The Sailor's Song

The Sailor's Song (German: Das Lied der Matrosen) is an East German black-and-white film directed by Kurt Maetzig and Günter Reisch. It was released in 1958.

The Sailor's Song
Film poster
Directed by
Produced byHans Mahlich
Written by
  • Karl-Georg Egel
  • Paul Wiens
StarringGünther Simon
Music byWilhelm Neef
CinematographyJoachim Hasler, Otto Merz
Edited byLena Neumann
Distributed byProgress Film
Release date
  • 9 November 1958 (1958-11-09)
Running time
126 minutes
CountryEast Germany


As the news of the October Revolution sweep through the world, the German High Seas Fleet's command, wary of a mutiny, decides to send all its ships to a suicide mission in the English Channel. Sailors Albin Köbis and Max Reichpietsch are sentenced to death for political activity. When the socialist sailor Steigert, a member of the firing detail, cannot bring himself to shoot them, he is arrested. On the cruiser Prince Heinrich, Steigert's friends Lenz, Lobke, Kasten and Bartuschek receive Vladimir Lenin's transmit to all of mankind calling for peace. Slowly, the sailors in Kiel — all members of different socialist parties: the Social Democrats, the Independent Socialists and the Spartakists — begin to realize the need for a revolution. The workers and the shipmates rebel against the officers, but the political gaps between them lead the uprising to a failure. In the end, many of the rebel sailors attend the foundation conference of the new Communist Party of Germany.



The Sailor's Song was conceived in aftermath of the Socialist Unity Party's Conference on Cultural Affairs at October 1957, during which the East German establishment embraced a conservative line and ended the brief period of liberalization that begun after Nikita Khrushchev's Secret Speech.[1] The Sailor's Song was commissioned shortly after, for the celebrations of the fortieth anniversary to the German Revolution.[2]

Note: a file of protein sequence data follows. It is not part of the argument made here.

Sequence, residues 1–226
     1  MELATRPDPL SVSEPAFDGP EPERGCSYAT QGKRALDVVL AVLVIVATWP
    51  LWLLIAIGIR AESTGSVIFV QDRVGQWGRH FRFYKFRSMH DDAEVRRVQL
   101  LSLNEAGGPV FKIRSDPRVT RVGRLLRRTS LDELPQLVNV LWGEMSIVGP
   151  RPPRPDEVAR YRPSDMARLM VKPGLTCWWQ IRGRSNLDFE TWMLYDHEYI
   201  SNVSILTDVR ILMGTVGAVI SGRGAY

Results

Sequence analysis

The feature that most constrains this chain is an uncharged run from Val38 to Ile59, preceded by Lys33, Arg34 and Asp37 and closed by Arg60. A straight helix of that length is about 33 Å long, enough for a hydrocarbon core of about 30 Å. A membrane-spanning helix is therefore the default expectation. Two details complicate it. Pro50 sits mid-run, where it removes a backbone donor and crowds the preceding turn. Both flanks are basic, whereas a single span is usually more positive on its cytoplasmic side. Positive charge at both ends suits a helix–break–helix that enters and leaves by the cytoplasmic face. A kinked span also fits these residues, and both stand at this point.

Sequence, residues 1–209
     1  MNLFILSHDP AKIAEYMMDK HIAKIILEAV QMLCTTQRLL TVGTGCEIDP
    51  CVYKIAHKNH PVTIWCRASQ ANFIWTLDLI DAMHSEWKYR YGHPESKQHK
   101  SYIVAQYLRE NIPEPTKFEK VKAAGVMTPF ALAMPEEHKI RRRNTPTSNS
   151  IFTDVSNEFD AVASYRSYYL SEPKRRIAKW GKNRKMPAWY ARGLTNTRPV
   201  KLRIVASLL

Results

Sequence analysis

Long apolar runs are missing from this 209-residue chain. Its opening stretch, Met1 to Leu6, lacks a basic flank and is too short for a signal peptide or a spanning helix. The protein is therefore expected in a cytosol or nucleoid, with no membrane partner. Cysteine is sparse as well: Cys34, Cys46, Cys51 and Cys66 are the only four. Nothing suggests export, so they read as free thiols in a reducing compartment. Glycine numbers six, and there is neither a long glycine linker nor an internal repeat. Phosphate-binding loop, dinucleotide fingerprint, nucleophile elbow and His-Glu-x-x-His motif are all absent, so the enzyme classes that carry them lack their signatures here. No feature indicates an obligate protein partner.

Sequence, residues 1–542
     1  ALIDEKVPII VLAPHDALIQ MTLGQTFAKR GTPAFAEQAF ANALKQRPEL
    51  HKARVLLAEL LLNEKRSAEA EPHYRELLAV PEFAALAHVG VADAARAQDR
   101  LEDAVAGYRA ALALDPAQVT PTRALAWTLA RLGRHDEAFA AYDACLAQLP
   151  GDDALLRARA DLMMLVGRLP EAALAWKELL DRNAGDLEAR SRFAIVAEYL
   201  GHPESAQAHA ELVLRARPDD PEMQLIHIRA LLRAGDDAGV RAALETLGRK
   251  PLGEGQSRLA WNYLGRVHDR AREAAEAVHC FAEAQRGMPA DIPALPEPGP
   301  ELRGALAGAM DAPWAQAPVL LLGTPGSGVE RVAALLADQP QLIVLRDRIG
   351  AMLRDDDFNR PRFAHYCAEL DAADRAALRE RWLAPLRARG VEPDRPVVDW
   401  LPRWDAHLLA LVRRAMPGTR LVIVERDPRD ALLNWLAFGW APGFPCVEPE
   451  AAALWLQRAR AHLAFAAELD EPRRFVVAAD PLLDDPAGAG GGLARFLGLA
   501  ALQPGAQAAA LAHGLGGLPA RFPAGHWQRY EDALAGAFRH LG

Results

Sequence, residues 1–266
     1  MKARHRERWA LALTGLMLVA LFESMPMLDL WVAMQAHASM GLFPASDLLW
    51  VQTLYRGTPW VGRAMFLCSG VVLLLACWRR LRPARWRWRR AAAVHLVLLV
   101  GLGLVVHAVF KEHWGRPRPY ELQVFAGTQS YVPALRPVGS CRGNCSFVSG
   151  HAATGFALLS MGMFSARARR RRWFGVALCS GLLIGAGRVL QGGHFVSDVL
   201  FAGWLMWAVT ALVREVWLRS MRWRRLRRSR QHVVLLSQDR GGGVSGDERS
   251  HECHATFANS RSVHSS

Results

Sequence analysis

The script writers Paul Wiens and Karl Georg Egel were instructed to present the 1918 Revolution in accordance with the official Soviet interpretation of history; Walter Ulbricht told that it failed due to the "opportunistic" Social Democrats and to the lack of a Marxist–Leninist party that would have led the workers "in the smashing of the capitalistic economical apparatus." The plot places emphasis on the Spartacus League, and culminated in the founding of the Communist Party of Germany.[3]

Principal photography commenced on June 3, 1958. Directors Kurt Maetzig and Günter Reisch worked separately; the first's crew was responsible for the scenes involving the officers and the admirals, while the latter filmed those with the sailors and the crowds.[4] The Sailor's Song was the greatest project undertaken by DEFA up to that time, and was larger in scale even than Ernst Thälmann. 15,000 workers, soldiers and People's policemen were used as extras during the filming. Since Kiel, the city in which the revolution took place, was located in West Germany, the directors used sets that were constructed in Goerlitz, Warnemünde and Rostock.[3]


In 1959, Maetzig won East Germany's National Prize, 2nd degree, for his work on the film, as well as a special Peace Prize at the 1st Moscow International Film Festival.[5]

DEFA Studio's director Albert Wilkening wrote that no picture, except Ernst Thälmann, ever touched the people of East Germany as deeply as The Sailor's Song.[1] The SED considered it as one of the country's greatest cinematic achievements, and this view was upheld until the German Reunification.[6] Critics Miera and Antonin Liehm claimed that it was a "made for order" film that was "clumsy and heavy-handed".[7] A West German Film Lexicon cited it as "well designed, but obviously propagandistic."[8]


  1. Heinz Kersten. Das Filmwesen in der Sowjetischen Besatzungszone Deutschlands. Bundesministerium für Gesamtdeutsche Fragen (1963). ASIN B0000BK48Q. page 107.
  2. Seán Allan, John Sandford. DEFA: East German cinema, 1946–1992. ISBN 978-1-57181-753-2. Page 80.
  3. A Der Spiegel article about the filming, 10 September 1958.
  4. The Sailor's Song on PROGRESS' website.
  5. The Sailor's Song on
  6. Dagmar Schittly. Zwischen Regie und Regime. Die Filmpolitik der SED im Spiegel der DEFA-Produktionen. ISBN 978-3-86153-262-0. Page 95.
  7. Miera Liehm, Antonin J. Liehm . The Most Important Art: Soviet and Eastern European Film After 1945. ISBN 978-0-520-04128-8. Page 264.
  8. The Sailor's Song on
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